Regina Apostolorum Pontifical University Program Focuses on Dialogue Between Faith and Science
Church states that in general the theory of evolution would not be in conflict with the truth of creation, unless it was presented from a materialist and anti-finalist perspective -- and both positions are not scientific, but rather philosophical, and must be so treated.
Moreover, there are "firm points" that must be kept in mind, especially when contemplating the question of the origin of man: His soul is created immediately by God -- it cannot arise from matter because it is spiritual -- and man, being made in the image and likeness of God, is called to eternal life, and has a dignity that must be respected.
Q: A master's in Science and Faith elicits many questions. To whom is it addressed? What are the topics you reflect on and develop? What kind of formation do you offer? What topics will be addressed in public conferences?
Father Pascual: The master's is directed to all those who wish to engage in the dialogue between science and faith, both scientists, science professors, scientific journalists and similar figures, as well as ecclesiastics, philosophers and theologians, religion professors, catechists and pastoral care agents.
The topics we study, as can be seen in the master's program, are all those that in one way or another are related to the dialogue between science and faith.
They are both general questions -- for example, the different ways of seeing the science-faith relationship, or the role of mediation of philosophy in this dialogue between the order of reason and that of faith -- as well as the most significant figures in this dialogue -- scientists and believers -- [and] some "questions of limit," such as the theory of the origin of the universe and Creation, or the question of miracles.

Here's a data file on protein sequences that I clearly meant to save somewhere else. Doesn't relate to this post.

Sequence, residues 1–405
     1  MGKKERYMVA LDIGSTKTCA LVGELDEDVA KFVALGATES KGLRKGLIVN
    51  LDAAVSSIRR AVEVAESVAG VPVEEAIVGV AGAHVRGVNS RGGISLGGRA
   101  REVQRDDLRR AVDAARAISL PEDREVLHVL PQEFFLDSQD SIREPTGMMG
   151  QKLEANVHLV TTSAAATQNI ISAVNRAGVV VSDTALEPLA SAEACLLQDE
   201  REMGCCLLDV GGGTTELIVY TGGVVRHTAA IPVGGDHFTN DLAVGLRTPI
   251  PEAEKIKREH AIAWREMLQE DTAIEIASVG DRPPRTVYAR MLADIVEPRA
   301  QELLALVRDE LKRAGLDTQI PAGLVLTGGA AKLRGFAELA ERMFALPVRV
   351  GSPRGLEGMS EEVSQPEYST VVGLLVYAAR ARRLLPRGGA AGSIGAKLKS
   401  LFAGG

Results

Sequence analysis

To foster this dialogue, additional courses are offered, such as "Physics for Philosophers" and "Biology for Philosophers."
The lectures will especially address all those topics that will enable us to cover the most significant questions, led by experts in specific fields, many of whom are points of reference and direction at the national and international level.
Thus the master's, which has also opened a collection of publications on these topics, is offering its original contribution, in keeping with the invitation in "Fides et Ratio" and other interventions of John Paul II to this dialogue -- always fruitful but not always easy -- between science, philosophy and faith.
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Faith, Reason, Education, University, Regina, Rome
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